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What Is Buffer Size In Music Production? Sample Values Explained

What is buffer size in music?

What is buffer size in music production? Every DAW comes with the option to change the buffer size. Usually the values are 32, 64, 128, 256, 512 & 1024 samples. The higher the value, the more increased latency. The latency is the time it takes from pressing play to the moment we actually hear the resulting audio.

The purpose of the buffer is to buy your operating system more time – resulting in less taxation on the CPU. This helps things run more smoothly during your studio session and also maintain a healthier computer.

Measuring resulting latency from buffer sizes

Each buffer size has a resulting latency, usually measured in milliseconds due to the fact that the delay shouldn’t ever exceed one second. For example, a buffer size of 256 samples will have an output latency of 23.2ms (or 29.0ms for roundtrip). More samples, more delay.

Having a lower buffer size is great for recording live takes but will certainly put more strain on your CPU. If this is the case then increase the buffer size when you’ve recorded everything you need to.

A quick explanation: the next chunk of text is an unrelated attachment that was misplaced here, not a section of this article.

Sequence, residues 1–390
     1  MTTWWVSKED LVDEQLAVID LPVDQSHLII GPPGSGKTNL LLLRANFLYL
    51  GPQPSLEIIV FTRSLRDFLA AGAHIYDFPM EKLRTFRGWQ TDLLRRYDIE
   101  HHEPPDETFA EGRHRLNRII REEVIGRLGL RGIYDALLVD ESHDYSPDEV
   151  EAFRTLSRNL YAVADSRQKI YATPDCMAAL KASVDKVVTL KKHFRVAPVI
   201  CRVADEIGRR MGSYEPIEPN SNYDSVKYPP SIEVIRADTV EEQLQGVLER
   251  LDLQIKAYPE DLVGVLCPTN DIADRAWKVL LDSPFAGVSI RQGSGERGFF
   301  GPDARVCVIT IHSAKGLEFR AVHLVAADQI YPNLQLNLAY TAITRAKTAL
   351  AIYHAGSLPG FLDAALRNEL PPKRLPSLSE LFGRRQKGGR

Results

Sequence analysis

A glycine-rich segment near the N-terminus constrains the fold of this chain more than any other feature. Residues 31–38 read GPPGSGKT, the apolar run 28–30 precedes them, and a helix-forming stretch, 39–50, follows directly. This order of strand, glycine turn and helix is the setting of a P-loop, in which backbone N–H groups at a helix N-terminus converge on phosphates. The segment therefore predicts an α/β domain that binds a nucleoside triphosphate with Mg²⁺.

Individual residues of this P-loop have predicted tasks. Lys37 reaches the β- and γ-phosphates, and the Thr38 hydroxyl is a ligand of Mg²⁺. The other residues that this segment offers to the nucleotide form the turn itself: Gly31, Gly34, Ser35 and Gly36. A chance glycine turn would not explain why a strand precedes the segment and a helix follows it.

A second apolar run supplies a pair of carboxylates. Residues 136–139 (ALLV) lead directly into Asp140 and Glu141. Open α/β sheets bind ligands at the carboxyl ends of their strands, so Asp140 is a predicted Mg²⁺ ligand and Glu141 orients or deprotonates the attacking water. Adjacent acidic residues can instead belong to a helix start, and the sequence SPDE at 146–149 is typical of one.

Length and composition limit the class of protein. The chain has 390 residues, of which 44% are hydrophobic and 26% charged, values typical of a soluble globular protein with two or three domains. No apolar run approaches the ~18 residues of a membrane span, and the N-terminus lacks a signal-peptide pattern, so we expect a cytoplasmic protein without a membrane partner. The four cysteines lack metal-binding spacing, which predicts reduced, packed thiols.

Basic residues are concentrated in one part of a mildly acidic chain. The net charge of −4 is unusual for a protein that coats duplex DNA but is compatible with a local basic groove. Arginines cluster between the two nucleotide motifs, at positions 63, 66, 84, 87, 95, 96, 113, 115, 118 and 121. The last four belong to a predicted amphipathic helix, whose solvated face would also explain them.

Buffer Size
Logic Pro: A 256 sample buffer size

When to use large buffers

If you’re not intending to make any live recording(s) during your session then it’s advisable to leave the buffer size at 256 or higher. If you’re also running a number of other programs or apps, particularly other design applications – these too will be fighting for processing power in the background!

As projects grow in size, they become more demanding on the system. If you’re happy with all the recordings you’ve made, ramp up the buffer whilst you make all the finishing touches! The chances are, you’re already fatigued and frustrated with everything the production has thrown at you. So don’t let a system overload cause additional grief in the final stages. Now you know what the buffer size is in music production!

2 thoughts on “What Is Buffer Size In Music Production? Sample Values Explained”

  1. Omggg. Wish I knew this like 5 years ago. I don’t play anything live so could have just used the higher buffer all along… I make techno 😀 thanks SamleChilli

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